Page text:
Some of that can be caused by having the front of the deltoids more developed than the middle and back of the deltoids, which leads to a resting state with a slight forward pull on the shoulders.no mike wrote:daverupa wrote:...The trick is to get your knees to rest comfortably below your hips so that your back curves properly.
Any other tips on proper back curve? I catch myself slouching forward at times.
I have a few heuristics, and maybe they're useful. First, as above, I ensure that the knees are below the hips. Then, I make sure that my ischial tuberosities are pointing downward, making subtle adjustments here based on the sitting surface. This has a direct effect on the lower back.
In my sitting posture, at this point have considered three sections: the angle between the lower and upper leg to ensure knee alignment (it didn't really come up yet, but it's very important with cushions and lotus postures, while a bench largely avoids trouble here), the angle between the sitting surface and the hips, and the angle between the hips and the knees. I consider this the base.
Now the arms: the hands rest in the lap of the base, and the line from the ears to the shoulders is allowed to lengthen by relaxing the shoulders. It is here that I pay attention to what the deltoids are doing; shrugging in different circular directions can help loosen the area. This all has a direct effect on the upper back, but here as earlier, you'll notice that my attention is on the back only indirectly; mess with the peripheral ratios and the back fixes itself while staying relatively relaxed (but being upright means it's tense to some degree no matter what, so don't think that a relaxed posture is one without some muscle tone).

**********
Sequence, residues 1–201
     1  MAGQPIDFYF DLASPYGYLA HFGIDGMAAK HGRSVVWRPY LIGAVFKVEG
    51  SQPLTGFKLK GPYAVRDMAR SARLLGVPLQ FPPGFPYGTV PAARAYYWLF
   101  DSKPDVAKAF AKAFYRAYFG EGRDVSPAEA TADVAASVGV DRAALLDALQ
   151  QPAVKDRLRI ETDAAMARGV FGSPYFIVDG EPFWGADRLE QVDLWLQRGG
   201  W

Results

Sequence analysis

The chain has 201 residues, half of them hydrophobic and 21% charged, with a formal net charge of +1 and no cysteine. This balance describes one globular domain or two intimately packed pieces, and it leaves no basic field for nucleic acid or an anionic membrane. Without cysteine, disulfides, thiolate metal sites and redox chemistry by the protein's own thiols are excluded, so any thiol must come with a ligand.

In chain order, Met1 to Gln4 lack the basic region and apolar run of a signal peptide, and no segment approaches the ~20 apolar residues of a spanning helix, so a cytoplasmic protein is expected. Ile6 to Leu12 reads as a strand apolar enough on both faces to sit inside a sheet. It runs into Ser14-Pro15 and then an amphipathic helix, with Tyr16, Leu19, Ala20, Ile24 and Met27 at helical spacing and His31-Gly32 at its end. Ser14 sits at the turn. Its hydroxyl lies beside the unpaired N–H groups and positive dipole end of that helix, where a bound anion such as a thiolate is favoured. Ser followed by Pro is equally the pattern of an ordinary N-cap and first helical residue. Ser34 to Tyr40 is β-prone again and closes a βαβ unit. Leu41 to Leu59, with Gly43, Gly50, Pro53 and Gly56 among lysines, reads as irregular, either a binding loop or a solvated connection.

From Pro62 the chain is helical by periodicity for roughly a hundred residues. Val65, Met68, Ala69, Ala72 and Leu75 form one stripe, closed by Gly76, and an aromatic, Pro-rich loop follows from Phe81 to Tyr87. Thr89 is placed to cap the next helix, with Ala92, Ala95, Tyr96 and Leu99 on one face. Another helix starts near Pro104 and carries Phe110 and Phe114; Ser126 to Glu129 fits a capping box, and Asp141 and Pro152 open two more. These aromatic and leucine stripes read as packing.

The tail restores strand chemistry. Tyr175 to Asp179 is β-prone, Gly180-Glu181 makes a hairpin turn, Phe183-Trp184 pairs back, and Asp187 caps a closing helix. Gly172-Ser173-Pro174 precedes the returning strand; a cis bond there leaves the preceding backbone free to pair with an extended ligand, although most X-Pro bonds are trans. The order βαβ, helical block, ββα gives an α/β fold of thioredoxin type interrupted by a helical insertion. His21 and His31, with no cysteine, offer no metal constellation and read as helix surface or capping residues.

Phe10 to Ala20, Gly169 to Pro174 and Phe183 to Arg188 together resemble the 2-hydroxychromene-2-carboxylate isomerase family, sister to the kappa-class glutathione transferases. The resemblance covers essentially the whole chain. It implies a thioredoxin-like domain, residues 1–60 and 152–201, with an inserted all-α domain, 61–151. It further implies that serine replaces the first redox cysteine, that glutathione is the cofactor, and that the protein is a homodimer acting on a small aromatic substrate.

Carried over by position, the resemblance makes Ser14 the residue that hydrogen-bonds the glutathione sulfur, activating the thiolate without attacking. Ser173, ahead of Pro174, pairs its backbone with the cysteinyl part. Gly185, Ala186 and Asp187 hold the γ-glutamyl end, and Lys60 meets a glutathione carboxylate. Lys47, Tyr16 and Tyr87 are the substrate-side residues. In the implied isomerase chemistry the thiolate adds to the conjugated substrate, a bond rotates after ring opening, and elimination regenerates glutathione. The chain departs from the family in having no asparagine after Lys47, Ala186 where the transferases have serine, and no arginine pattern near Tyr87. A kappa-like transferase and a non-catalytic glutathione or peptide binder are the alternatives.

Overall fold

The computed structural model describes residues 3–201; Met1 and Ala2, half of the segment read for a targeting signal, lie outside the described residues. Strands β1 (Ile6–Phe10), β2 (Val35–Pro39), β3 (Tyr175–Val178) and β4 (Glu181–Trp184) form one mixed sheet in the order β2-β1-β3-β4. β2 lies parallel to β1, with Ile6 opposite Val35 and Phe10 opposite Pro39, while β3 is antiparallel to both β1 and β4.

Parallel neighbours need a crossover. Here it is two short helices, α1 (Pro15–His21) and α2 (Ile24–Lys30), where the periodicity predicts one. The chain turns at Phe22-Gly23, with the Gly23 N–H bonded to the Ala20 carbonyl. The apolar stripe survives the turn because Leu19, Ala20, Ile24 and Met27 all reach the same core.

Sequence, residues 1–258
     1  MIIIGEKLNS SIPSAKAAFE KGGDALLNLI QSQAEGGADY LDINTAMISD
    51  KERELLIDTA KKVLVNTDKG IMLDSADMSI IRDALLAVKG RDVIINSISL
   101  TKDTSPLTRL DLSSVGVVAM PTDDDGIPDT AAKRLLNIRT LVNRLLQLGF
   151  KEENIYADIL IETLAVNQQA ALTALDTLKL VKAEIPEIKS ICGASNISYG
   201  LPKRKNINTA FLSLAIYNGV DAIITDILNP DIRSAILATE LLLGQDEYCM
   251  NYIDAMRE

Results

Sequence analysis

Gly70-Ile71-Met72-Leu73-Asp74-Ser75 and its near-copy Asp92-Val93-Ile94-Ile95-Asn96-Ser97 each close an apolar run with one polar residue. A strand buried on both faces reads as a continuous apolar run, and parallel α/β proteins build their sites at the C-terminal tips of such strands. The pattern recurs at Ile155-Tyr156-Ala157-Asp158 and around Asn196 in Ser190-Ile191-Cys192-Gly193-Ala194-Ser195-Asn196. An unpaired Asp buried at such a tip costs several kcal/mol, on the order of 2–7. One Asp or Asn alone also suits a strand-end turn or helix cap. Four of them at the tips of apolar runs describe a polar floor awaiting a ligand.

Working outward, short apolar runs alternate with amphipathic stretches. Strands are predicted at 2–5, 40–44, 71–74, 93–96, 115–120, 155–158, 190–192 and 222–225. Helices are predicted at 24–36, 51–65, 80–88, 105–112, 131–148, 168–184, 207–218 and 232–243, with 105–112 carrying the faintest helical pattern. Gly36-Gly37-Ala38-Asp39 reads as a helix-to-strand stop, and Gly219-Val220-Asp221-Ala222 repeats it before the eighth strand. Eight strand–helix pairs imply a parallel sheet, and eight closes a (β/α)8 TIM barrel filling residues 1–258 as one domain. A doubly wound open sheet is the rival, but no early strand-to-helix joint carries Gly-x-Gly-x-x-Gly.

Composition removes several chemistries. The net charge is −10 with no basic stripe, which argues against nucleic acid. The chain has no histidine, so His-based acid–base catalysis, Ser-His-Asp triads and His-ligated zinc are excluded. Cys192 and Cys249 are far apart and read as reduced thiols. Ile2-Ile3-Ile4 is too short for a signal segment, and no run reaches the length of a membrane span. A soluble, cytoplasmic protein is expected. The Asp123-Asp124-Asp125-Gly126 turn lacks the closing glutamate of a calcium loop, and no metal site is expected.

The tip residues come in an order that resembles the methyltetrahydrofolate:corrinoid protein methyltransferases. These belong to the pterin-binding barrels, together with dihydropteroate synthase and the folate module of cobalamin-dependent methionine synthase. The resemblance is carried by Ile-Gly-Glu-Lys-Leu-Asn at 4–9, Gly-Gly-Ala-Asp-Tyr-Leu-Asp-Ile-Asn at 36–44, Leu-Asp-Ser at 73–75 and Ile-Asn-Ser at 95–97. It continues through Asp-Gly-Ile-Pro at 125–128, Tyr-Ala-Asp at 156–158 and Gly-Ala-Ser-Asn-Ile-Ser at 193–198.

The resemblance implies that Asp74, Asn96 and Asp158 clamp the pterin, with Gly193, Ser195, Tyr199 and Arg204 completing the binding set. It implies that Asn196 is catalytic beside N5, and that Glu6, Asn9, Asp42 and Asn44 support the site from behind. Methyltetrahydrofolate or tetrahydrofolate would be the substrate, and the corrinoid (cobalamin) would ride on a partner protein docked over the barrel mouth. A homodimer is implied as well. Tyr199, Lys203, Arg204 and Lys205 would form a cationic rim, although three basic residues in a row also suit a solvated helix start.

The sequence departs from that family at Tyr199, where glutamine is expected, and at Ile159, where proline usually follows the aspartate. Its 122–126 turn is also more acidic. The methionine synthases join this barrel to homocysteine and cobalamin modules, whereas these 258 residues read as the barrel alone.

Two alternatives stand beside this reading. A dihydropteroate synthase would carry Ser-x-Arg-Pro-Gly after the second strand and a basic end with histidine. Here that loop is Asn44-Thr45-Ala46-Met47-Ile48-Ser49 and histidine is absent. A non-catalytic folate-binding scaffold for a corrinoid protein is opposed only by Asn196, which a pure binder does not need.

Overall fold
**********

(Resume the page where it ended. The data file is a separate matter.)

The head I treat like a bowling ball which I balance over the above base in whichever way requires the least muscle tone throughout the breathing cycle, while relaxing the jaw and smoothing the brow, and otherwise gentling the muscles around the ears generally.
I then do a pass where I relax my body from the head down, settling each body part as though they were hanging ornaments on a tree that's just entered a field of gravity. In this, the tree is the spine, and the ornaments the rest of the body, the first time I consider the spine and its tone in a direct way. (If you like, the breath can be noted as a somewhat bulbous ornament at this point, and if you were paying attention to the breath the whole time anyway, you're now well on your way through the first tetrad of anapanasati.)
Anyway, these are just some of my ruminations on it. Fiddle with your dials with patient joy, eh?